Scientists Created a Water Tractor Beam

Tractor beams have long been a science fiction fantasy—a magical force that attracts objects from a distance, like an alien’s spaceship sucking up its earthling specimens. We’re not quite that advanced, but physicists at The Australian National University have created a “tractor beam on water” that makes floating objects move wherever they are directed.

The group, led by Professor Michael Shats, started with a ping pong ball. Placing it in a small pool, they created waves using a thin, cylindrical device with suction cups on the bottom. When the device vibrates up and down, these cups come in contact with the water, creating waves. Different wave frequencies and sizes, along with different cup shapes, create different kinds of currents. Some pulled the ball inward, some pushed it outward.

Dr. Horst Punzmann, from the Research School of Physics and Engineering, said the team even found a way of “creating waves that can force a floating object to move against the direction of the wave.”

This doesn’t sound like rocket science. It seems quite obvious that waves make floating objects move, right? But actually, what propels floating objects aren’t the waves themselves, it’s the currents they create. Never before have we identified the precise wave patterns that make an object go one way or another, or how to replicate them. “It’s one of the great unresolved problems, yet anyone in the bathtub can reproduce it,” Punzmann said. Interestingly, there’s still no mathematical theory to explain why these experiments work. That said, this new knowledge could help us clean up oil spills and ocean trash, or retrieve drifting boats.

"The applications could be numerous," Shats said. A paper documenting the findings is featured in the journal Nature Physics.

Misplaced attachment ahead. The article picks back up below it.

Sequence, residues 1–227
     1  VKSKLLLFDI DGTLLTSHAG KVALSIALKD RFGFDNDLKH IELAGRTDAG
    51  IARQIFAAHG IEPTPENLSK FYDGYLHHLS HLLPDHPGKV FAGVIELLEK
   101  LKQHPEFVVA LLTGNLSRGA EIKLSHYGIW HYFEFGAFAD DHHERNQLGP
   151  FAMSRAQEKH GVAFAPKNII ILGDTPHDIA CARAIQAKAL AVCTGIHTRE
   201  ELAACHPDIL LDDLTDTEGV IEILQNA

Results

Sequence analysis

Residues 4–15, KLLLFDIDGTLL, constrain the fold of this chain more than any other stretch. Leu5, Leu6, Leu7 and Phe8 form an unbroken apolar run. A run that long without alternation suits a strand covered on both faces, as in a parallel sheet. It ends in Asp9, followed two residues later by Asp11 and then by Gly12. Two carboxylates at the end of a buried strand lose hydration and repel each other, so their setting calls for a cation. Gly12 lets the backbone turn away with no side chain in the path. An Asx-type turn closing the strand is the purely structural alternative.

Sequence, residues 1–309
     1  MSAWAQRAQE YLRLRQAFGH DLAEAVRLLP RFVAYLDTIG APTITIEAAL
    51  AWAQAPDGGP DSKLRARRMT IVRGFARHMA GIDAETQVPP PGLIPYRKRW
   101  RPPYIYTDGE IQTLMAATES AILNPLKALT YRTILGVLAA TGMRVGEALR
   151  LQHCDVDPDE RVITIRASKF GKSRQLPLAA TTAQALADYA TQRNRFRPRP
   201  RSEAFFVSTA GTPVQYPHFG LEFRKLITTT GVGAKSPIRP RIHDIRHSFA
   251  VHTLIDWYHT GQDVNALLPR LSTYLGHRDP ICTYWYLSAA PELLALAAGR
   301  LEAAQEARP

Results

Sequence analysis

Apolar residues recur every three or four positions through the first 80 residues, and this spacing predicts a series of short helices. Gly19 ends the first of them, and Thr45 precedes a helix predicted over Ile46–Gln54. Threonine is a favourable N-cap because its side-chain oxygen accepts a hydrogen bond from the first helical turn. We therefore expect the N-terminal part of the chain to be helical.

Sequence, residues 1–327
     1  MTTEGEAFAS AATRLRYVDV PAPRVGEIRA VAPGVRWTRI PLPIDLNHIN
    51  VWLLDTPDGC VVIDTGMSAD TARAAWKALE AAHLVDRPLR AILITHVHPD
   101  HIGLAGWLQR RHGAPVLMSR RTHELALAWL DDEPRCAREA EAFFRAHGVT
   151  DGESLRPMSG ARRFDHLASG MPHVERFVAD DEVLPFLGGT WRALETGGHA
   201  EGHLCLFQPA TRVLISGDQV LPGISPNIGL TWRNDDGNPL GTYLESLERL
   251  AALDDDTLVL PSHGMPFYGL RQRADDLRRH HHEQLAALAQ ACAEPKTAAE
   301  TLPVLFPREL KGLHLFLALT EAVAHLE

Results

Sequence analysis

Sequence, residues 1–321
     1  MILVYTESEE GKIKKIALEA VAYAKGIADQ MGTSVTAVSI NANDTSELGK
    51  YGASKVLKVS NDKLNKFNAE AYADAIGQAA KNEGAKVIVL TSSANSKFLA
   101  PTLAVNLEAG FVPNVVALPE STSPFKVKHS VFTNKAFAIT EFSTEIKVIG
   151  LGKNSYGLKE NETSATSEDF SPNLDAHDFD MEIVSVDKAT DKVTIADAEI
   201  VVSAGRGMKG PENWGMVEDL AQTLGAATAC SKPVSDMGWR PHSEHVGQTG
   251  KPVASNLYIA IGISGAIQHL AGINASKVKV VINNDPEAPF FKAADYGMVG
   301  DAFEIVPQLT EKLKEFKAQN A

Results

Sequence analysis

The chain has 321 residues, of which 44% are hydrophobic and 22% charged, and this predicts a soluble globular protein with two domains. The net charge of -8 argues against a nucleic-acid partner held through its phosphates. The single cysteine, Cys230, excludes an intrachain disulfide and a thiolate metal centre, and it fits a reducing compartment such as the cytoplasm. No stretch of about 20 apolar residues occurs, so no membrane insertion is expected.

© 2017 USPS
Pop Culture
Speedy Delivery: Mister Rogers Will Get His Own Stamp in 2018
© 2017 USPS
© 2017 USPS

USPS 2018 Mister Rogers stamp
© 2017 USPS

After weeks of mailing out this year’s holiday cards, postage might be the last thing you want to think about. But the U.S. Postal Service has just given us a sneak peek at the many iconic people, places, and things that will be commemorated with their own stamps in 2018, and one in particular has us excited to send out a few birthday cards: Mister Rogers.

In celebration of the 50th anniversary of Mister Rogers’ Neighborhood, Fred Rogers’s groundbreaking PBS series that the USPS says “inspired and educated young viewers with warmth, sensitivity, and honesty,” the mail service shared a mockup of what the final stamp may look like. On it, Rogers—decked out in one of his trademark colorful cardigans (all of which were hand-knitted by his mom, by the way)—smiles for the camera alongside King Friday XIII, ruler of the Neighborhood of Make-Believe.

Though no official release date for Fred’s forever stamp has been given, Mister Rogers is just one of many legendary figures whose visages will grace a piece of postage in 2018. Singer/activist Lena Horne will be the 41st figure to appear as part of the USPS’s Black Heritage series, while former Beatle John Lennon will be the face of the newest Music Icons collection. Sally Ride, the first American woman in space, will also be honored.

Can You Spot the Christmas Pudding?

Whether it’s a sheep hanging out with Santa Claus or a panda bear hiding among some snowmen, regular Mental Floss readers know that hidden picture brainteasers are one of our favorite things. And the optical experts at have released a delicious one, just in time for Christmas. Somewhere in the midst of all these holiday-themed goodies above, there’s a holiday pudding just waiting to be discovered. Can you spot it? Your time starts … now.

If you give up, or are the kind of person who reads the last page of a book before the first one and just wants to know the answer, scroll down to see where it’s hiding.



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